Monday, 4 October 2010

Equality Act

On Friday last the new Equality Act came into force, so this blog should probably say something about it. It's a giant dog's breakfast of an Act, 251 pages long, highly repetitive and self-contradictory. It repeals about twenty other Acts of Parliament and brings together and strengthens their provisions.

The basic idea is that there are "protected characteristics" and people must not be discriminated against or victimised due to any of these protected characteristics, which are:
    Age
    Sex
    Sexual orientation
    Gender reassignment
    Pregnancy and maternity
    Marital state, including civil partnerships
    Race
    Disability and health
    Religion and belief
"Race", in case you're wondering, is defined as "colour" (it doesn't say "skin colour", just "colour", even the legislators are so politically correct these days they daren't write what they mean in Acts of Parliament!) or "ethnic origin" or "nationality".

The rules apply widely, to employers, to associations (a dig aimed at the BNP here) and to private individuals when providing a public service, or disposing of property. For example it is now illegal to favour a Christian buyer when selling your house. The Act also applies to prospective employers.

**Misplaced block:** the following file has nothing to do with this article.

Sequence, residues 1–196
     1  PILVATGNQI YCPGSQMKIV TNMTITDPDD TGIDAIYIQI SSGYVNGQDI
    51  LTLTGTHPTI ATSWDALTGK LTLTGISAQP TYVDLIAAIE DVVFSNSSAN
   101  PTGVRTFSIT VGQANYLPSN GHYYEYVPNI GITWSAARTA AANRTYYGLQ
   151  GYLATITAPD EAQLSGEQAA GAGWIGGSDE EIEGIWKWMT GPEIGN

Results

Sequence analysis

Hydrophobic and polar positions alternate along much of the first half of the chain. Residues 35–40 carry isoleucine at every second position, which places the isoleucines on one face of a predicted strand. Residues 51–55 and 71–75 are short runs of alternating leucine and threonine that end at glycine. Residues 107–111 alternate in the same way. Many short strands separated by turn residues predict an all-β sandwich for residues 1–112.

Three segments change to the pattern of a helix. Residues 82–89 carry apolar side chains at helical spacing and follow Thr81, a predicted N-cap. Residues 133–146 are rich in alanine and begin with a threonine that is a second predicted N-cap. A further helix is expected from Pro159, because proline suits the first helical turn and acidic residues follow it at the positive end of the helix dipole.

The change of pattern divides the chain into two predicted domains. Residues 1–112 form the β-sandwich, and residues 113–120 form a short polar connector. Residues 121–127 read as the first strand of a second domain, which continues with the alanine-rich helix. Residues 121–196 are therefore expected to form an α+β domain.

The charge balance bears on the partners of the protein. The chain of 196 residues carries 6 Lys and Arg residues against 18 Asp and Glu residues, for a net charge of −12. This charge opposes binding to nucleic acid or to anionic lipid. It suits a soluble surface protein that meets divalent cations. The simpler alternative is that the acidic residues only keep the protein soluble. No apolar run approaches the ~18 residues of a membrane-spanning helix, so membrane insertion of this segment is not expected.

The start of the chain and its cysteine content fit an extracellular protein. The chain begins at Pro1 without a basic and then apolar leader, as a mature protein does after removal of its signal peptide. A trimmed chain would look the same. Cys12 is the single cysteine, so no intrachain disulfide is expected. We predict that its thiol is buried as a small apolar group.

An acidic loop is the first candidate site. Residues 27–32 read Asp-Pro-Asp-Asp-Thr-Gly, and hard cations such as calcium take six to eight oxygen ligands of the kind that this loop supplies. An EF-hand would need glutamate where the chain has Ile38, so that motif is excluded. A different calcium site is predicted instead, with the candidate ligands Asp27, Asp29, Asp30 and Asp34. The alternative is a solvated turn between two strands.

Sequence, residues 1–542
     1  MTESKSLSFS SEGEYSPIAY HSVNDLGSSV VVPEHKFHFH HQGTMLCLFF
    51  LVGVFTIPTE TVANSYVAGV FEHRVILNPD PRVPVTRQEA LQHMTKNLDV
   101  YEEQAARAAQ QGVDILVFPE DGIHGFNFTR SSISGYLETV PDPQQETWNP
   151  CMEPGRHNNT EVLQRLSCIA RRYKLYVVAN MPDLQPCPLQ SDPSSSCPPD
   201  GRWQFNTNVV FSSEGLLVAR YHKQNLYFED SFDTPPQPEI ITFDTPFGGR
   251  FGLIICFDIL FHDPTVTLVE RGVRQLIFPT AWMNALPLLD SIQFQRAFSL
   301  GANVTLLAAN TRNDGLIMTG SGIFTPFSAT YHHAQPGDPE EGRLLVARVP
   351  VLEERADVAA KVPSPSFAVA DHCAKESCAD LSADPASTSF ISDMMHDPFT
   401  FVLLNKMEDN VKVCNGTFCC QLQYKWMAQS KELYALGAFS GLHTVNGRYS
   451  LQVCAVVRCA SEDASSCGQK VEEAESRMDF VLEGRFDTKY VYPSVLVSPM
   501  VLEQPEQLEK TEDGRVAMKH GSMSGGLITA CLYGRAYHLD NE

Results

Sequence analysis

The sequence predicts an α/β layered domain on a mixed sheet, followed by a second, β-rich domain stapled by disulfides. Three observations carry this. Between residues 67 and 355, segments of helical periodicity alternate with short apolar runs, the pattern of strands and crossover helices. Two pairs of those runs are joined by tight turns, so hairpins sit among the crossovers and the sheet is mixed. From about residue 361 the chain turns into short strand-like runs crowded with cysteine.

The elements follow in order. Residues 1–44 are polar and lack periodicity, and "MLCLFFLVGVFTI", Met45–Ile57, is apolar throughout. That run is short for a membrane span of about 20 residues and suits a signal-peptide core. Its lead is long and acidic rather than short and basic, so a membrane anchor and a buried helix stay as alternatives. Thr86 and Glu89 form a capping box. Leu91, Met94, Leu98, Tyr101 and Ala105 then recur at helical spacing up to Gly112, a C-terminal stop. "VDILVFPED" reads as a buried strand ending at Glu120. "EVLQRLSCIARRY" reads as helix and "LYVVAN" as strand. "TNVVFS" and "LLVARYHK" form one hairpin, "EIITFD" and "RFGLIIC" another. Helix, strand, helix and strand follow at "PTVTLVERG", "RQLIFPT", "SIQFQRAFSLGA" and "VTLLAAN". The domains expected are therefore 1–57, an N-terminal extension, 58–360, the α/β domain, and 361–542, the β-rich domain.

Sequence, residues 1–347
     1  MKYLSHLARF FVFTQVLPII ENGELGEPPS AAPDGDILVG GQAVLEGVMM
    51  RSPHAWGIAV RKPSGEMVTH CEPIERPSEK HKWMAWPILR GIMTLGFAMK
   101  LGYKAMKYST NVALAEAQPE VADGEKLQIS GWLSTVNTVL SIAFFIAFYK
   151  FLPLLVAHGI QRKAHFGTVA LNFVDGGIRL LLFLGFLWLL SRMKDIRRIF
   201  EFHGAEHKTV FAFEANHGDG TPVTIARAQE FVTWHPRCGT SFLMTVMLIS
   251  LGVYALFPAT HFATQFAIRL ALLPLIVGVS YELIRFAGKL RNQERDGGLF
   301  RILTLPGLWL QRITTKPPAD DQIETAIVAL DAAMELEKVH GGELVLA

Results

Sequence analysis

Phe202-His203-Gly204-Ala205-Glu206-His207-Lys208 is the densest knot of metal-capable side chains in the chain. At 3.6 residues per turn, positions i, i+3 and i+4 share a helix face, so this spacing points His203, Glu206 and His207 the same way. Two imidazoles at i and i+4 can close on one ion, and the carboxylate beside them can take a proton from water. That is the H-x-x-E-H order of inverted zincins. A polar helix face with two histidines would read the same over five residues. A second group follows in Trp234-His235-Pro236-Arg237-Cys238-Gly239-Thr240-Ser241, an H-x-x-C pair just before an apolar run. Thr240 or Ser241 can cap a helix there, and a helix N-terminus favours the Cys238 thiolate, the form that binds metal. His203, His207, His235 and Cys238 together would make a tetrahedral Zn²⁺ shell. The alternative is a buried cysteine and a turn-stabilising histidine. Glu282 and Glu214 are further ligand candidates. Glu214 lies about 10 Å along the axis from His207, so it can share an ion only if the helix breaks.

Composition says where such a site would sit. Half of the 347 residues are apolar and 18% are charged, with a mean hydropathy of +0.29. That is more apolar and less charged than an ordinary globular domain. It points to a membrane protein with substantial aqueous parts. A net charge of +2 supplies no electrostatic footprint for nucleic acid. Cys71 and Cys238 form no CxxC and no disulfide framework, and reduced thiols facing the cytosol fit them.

The press picked up on this last bit; it is now illegal to ask a potential employee about their state of health. So you have to hire them first, then find out they take every second day off sick because they are chronically ill. Subsequently sacking them would be discrimination because you are then treating them less favourably than a healthy person.

However a few clauses down from the clause which says you cannot ask potential employees about their health is another clause which says you CAN ask them about their health, provided you are doing it to encourage diversity or to discriminate in favour of disabled people.

Although the Act was intended as a stick to beat the BNP with, lovingly crafted by Labour during their last months in office and enacted in Parliament's wash up period, it ironically has put a spoke in the wheel of the CEHR's current court case against the BNP because it repeals the Act under which the action is being taken! That's not joined up government.

A little noticed clause abolishes the common law requirement for husbands to maintain their wives. Wives up and down the country have not been up in arms.

2 comments:

Unrepentant British Nationalist said...

Thanks! Where do you get your information from?

Nationalist said...

I get my information from the Equality Act itself. You can read it here:

http://www.legislation.gov.uk/ukpga/2010/15/contents